Canadian Lawyer InHouse

June/July 2021

Legal news and trends for Canadian in-house counsel and c-suite executives

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Page 33 of 35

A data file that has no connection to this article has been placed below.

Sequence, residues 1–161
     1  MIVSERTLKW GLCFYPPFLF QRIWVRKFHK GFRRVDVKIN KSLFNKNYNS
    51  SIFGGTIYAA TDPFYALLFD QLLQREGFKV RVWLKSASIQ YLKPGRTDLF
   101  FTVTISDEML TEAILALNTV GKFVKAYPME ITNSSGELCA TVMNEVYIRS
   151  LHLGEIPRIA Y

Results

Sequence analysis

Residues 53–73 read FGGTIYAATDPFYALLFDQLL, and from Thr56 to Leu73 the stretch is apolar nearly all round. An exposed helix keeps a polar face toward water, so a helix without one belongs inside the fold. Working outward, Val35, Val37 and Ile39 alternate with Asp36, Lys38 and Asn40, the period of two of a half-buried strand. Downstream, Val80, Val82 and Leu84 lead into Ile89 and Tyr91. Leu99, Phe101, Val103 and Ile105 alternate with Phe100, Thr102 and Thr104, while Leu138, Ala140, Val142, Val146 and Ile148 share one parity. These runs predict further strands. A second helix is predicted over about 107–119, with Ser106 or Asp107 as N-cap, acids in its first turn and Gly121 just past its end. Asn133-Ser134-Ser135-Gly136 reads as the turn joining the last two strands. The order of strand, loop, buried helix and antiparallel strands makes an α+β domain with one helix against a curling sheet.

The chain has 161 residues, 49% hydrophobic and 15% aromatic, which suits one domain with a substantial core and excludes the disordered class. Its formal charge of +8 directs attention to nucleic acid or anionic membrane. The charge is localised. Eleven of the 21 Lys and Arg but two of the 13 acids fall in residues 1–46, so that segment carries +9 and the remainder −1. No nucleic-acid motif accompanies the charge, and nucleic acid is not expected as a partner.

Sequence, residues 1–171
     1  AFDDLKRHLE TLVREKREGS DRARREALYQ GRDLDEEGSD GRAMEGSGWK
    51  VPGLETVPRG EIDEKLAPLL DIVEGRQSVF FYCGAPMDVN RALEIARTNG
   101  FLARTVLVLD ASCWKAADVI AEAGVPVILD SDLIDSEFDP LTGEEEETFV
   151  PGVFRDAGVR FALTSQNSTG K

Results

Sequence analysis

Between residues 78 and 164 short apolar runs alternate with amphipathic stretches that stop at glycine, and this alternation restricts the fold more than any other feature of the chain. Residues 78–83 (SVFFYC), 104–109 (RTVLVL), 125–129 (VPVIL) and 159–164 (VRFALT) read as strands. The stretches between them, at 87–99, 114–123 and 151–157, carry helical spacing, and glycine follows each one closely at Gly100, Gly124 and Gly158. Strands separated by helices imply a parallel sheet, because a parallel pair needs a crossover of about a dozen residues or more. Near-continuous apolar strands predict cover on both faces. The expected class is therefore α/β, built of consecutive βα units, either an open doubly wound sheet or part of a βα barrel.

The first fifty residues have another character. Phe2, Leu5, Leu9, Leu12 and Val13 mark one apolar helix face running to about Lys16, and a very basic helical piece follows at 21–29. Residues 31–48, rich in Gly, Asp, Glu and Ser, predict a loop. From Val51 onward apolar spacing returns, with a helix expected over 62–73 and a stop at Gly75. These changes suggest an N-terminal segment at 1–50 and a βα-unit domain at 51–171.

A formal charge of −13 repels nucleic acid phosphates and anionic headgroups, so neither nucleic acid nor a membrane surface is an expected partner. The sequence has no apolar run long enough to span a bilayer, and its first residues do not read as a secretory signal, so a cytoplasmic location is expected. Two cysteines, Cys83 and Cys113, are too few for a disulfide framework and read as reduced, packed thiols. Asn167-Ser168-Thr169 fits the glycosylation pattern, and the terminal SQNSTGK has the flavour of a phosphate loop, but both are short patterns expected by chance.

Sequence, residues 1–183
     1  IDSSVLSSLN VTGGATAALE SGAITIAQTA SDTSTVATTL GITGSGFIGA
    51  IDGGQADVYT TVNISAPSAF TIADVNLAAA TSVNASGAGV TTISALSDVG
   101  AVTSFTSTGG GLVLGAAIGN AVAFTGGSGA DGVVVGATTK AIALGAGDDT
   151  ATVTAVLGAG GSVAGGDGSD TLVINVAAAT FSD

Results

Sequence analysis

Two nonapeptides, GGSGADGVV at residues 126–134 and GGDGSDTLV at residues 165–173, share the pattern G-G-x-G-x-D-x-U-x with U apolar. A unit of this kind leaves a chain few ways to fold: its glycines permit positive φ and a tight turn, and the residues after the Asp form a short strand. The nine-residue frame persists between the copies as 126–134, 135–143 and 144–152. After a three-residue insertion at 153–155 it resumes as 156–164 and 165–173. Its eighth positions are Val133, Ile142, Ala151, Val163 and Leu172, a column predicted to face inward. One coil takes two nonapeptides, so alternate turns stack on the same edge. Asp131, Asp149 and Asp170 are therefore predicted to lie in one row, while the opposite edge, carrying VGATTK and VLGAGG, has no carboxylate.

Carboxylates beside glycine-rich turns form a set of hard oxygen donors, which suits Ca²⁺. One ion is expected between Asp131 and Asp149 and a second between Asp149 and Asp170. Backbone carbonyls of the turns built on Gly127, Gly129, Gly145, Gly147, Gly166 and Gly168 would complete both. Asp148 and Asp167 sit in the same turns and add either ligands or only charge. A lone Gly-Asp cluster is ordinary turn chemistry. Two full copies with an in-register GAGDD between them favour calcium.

32 ETHICS Providing access to justice for colleagues THIS ADVICE column is intended to support you as you tackle ethical and professional issues. Go to inhouse/ethics to submit your questions anonymously. QUESTION: I'm a GC of an organization with hundreds of employees. I have cultivated rela- tionships throughout the organization, which helps in all aspects of my work. The downside of this is that I often have employees asking me for things: sometimes, legal advice and, sometimes, to witness or commission a docu- ment. I know I can't give legal advice, but you have probably been in situations where the employee presses. It's even harder when it's a senior colleague. How do you handle this? FREDEEN: I love this question because, clearly, you are taking the time to connect and know the business and the people involved in your business. No ivory tower for you! Also, the question asked here tells me that you have built trusted relationships with your work colleagues at all levels. Clearly, you have your "finger on the pulse" of your organization, which is so valuable for a general counsel. Congratulations! The ethical dilemma you pose is manage- able and, in my opinion, identifies a real need that our organizations and our people have: access to justice. It might at times be inconve- nient and take some of your valuable time, but there is, in fact, a great upside. Let me explain. In my nearly 40 years in-house, there was probably not a week that went by when I was not asked for help on something related to the law. These questions crossed the legal spec- trum, from criminal law to dispute resolution to family law and everything in between. Clearly, the starting point is the one you identified: I can't give you legal advice. But that should just be the start of a conversation. So often, people don't know where to begin and are afraid of getting into a legal vortex. As generalists with experience, we should be able to help. Recently, a colleague contacted me about a situation their teenage son found himself in with a boss who accused him (with- out evidence) of theft. Although there were external lawyers in my network who could help, we spoke about options and what scenarios could unfold. He and his son worked things out without escalation and the cost associated with retaining a lawyer. Now, there may be some who disagree with me, but I have found that helping colleagues solve or navigate personal legal issues is not only a nice thing to do but an important thing for us to do. We have the legal experience that they do not, and engaging with them is a small but important indicator of the value we provide. So, how do we approach this? In addition to starting with the qualification that we cannot provide legal advice to them, we can listen to them, ask questions that will be important for their decision on what to do and draw from personal experience. We forget how complex the law is for people not around it every day. We have limited time, of course, and you mention that this happens often, so I have learned where I needed to draw the line and di- rect them to external legal resources. If there is a common theme to the issues raised with you, you might want to be proactive and develop something in writing on your internal web page. As part of my role as general counsel, I knew that these questions would arise, so I developed relationships with lawyers in these areas so that I could recommend a small panel (such as family, criminal, estate or commercial litigators) from which my colleagues could choose. This might seem like a lot of work, but it wasn't, and the value you provide to your colleagues is immense. We have limited time. We are careful not to step over the line as they are not our clients, but I think it is a mistake for in-house lawyers to simply say: "Sorry, I can't help you." For me, it was about building relationships, show- ing value and providing access to justice for people who needed help. In closing, I would like to recognize my co-author, Cheryl Foy, who is tied up on the launch of her book: An Introduction to Univer- sity Governance, which can be found on her website: Well done, my friend! Ken Fredeen on navigating ethical dilemmas in-house "Helping colleagues solve or navigate personal legal issues is not only a nice thing to do but an important thing for us to do." Ken Fredeen is general counsel emeritus and senior partner with Deloitte, where he leads Indigenous and accessibility initiatives. He also teaches on the role of the general counsel at the CCCA/ Rotmans In-house Counsel Certification program.

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